Shawn Coyne, The Story Grid: What Good Editors Know
“A great editor sees the Story globally and microscopically at the same time. He has x-ray vision. He looks down from thirty thousand feet. A great editor can break down a narrative into themes, concepts, acts, sequences, scenes, lines, beats. A great editor has studied narrative from Homer to Shakespeare to Quentin Tarantino. He can tell you what needs fixing, and he can tell you how to fix it.”
Shawn Coyne, The Story Grid: What Good Editors Know
“There's no shame in not knowing something. There is only shame is when you willfully ignore and then blame the educated for your failures.”
Shawn Coyne, The Story Grid: What Good Editors Know
“What The Story Grid offers is a way for you, the writer, to evaluate whether or not your Story is working at the level of a publishable professional. If it is, The Story Grid will make it even better. If it isn’t, The Story Grid will show you where and why it isn’t working—and how to fix what’s broken.”
Shawn Coyne, The Story Grid: What Good Editors Know
“If you’ve ever seen the movie Spinal Tap, I think you know where we should try and reach by the end of our crime Story.”
Shawn Coyne, The Story Grid: What Good Editors Know
“These circumstances are called CONFLICTS. What we do or don’t do when we face conflict is the engine of Storytelling.”
Shawn Coyne, The Story Grid: What Good Editors Know
“So if your Story doesn’t change your lead character irrevocably from beginning to end, no one will deeply care about it.”
Shawn Coyne, The Story Grid: What Good Editors Know
“Remember that the first rule when editing a book is to DO NO HARM.”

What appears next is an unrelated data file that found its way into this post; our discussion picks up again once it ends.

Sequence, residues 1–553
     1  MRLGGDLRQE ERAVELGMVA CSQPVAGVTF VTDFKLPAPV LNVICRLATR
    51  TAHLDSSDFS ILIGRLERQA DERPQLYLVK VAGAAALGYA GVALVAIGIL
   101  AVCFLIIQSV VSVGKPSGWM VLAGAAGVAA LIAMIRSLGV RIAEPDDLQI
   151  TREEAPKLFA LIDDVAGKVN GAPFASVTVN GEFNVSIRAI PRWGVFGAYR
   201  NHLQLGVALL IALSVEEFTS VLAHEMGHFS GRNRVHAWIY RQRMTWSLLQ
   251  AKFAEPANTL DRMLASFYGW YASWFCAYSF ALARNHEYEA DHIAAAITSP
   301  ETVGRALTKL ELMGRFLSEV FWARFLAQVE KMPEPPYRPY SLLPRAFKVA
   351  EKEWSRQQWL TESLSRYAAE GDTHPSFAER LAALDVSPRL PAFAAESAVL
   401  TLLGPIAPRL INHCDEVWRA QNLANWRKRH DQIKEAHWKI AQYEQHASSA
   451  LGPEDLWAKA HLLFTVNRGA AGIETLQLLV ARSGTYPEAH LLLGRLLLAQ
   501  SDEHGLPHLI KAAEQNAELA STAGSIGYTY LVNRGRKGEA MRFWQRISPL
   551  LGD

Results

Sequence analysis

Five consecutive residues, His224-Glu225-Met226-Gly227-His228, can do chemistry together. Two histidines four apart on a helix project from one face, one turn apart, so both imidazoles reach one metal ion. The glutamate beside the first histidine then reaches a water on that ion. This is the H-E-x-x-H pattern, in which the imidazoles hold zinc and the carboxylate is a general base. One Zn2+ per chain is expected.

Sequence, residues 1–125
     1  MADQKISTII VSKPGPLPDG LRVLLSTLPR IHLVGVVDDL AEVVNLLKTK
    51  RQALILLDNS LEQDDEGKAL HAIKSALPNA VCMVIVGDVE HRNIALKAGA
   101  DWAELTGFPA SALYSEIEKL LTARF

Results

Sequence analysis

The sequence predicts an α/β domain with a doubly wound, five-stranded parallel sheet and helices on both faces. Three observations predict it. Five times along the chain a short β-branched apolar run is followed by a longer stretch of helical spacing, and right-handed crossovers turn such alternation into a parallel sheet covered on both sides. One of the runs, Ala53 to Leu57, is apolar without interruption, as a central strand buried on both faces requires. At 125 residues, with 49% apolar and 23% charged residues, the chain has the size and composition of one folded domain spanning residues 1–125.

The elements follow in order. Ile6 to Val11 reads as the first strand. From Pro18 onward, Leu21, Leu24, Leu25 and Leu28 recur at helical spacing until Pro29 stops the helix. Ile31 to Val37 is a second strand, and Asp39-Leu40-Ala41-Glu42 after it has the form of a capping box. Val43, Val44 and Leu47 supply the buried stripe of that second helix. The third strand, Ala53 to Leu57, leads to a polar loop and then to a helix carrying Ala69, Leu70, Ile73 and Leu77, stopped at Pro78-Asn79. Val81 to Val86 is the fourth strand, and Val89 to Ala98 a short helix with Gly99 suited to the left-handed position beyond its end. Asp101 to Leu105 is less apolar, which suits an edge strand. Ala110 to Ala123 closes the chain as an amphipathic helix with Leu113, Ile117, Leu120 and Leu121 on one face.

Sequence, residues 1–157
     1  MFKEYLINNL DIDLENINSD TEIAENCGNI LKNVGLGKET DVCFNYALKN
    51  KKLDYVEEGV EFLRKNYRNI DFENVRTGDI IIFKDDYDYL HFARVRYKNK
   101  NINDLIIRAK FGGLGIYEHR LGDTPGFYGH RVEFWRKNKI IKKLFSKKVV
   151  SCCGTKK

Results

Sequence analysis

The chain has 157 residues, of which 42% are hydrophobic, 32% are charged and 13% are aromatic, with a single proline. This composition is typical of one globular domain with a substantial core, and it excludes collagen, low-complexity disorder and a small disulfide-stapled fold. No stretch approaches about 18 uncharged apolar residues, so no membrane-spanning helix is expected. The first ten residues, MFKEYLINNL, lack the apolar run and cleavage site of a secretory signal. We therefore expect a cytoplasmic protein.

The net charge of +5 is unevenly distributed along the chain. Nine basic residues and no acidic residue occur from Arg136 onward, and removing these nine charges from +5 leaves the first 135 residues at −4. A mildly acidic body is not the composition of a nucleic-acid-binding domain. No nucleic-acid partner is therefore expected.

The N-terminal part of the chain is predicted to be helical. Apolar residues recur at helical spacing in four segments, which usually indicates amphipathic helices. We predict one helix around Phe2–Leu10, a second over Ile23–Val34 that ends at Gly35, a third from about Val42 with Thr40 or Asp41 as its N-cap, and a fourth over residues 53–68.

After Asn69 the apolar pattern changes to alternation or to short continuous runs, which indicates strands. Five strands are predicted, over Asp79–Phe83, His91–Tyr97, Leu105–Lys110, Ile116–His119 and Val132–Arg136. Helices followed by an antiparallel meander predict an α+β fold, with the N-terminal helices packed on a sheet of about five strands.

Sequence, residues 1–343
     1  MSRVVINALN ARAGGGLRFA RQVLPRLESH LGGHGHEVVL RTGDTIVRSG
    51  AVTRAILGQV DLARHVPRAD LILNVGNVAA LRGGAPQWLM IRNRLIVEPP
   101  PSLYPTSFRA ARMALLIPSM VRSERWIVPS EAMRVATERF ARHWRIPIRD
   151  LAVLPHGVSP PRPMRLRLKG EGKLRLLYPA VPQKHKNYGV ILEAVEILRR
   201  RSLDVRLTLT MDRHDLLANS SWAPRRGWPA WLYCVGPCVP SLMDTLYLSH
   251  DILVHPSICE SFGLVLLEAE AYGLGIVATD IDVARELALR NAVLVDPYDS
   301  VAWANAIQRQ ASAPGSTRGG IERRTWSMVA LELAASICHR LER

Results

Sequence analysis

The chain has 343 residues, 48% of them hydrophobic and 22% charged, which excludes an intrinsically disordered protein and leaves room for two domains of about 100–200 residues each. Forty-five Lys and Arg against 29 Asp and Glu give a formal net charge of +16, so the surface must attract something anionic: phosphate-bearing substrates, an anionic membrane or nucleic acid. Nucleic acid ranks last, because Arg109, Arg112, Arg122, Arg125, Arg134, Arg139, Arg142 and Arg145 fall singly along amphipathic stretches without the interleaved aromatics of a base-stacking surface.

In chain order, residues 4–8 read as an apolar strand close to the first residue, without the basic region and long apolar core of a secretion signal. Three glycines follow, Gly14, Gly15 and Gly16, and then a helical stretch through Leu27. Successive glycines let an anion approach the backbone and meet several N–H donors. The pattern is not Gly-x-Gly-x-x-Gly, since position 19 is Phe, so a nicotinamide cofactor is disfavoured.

Shawn Coyne, The Story Grid: What Good Editors Know
“The Story isn’t working quite yet. It’s close, but it’s vaguely disappointing.”
Shawn Coyne, The Story Grid: What Good Editors Know
“You as the writer are not the problem, the problem is the problem.”
Shawn Coyne, The Story Grid: What Good Editors Know
“Once you have a first draft, you’ll need to inspect each of the units of your Story and make sure you’ve used the right materials.”
Shawn Coyne, The Story Grid: What Good Editors Know
“And of course there is that Sub-sub-subgenre that will never go away, the cat mystery where a cat is instrumental in solving the crime.”
Shawn Coyne, The Story Grid: What Good Editors Know
“Do you know what an editor does? I don’t either. All I know is it’s make-or-break, do-or-die, indispensable, can’t-do-without, gotta-have-it. But there’s one problem: Editors don’t exist any more, at least not in the grand Old School sense.”
Shawn Coyne, The Story Grid: What Good Editors Know
“There's no shame in not knowing something. The only shame is when you willfully ignore and then blame the educated for your failures.”
Shawn Coyne, The Story Grid: What Good Editors Know
“As with crises, climaxes move from minor to medium to large to life changing. In a Story with both External and Internal Genre dimensions, if faced with the similar crisis in the Beginning Hook and the Ending Payoff, what your protagonist chooses at the beginning of your Story and what your character chooses at the end of your Story should be opposite choices.”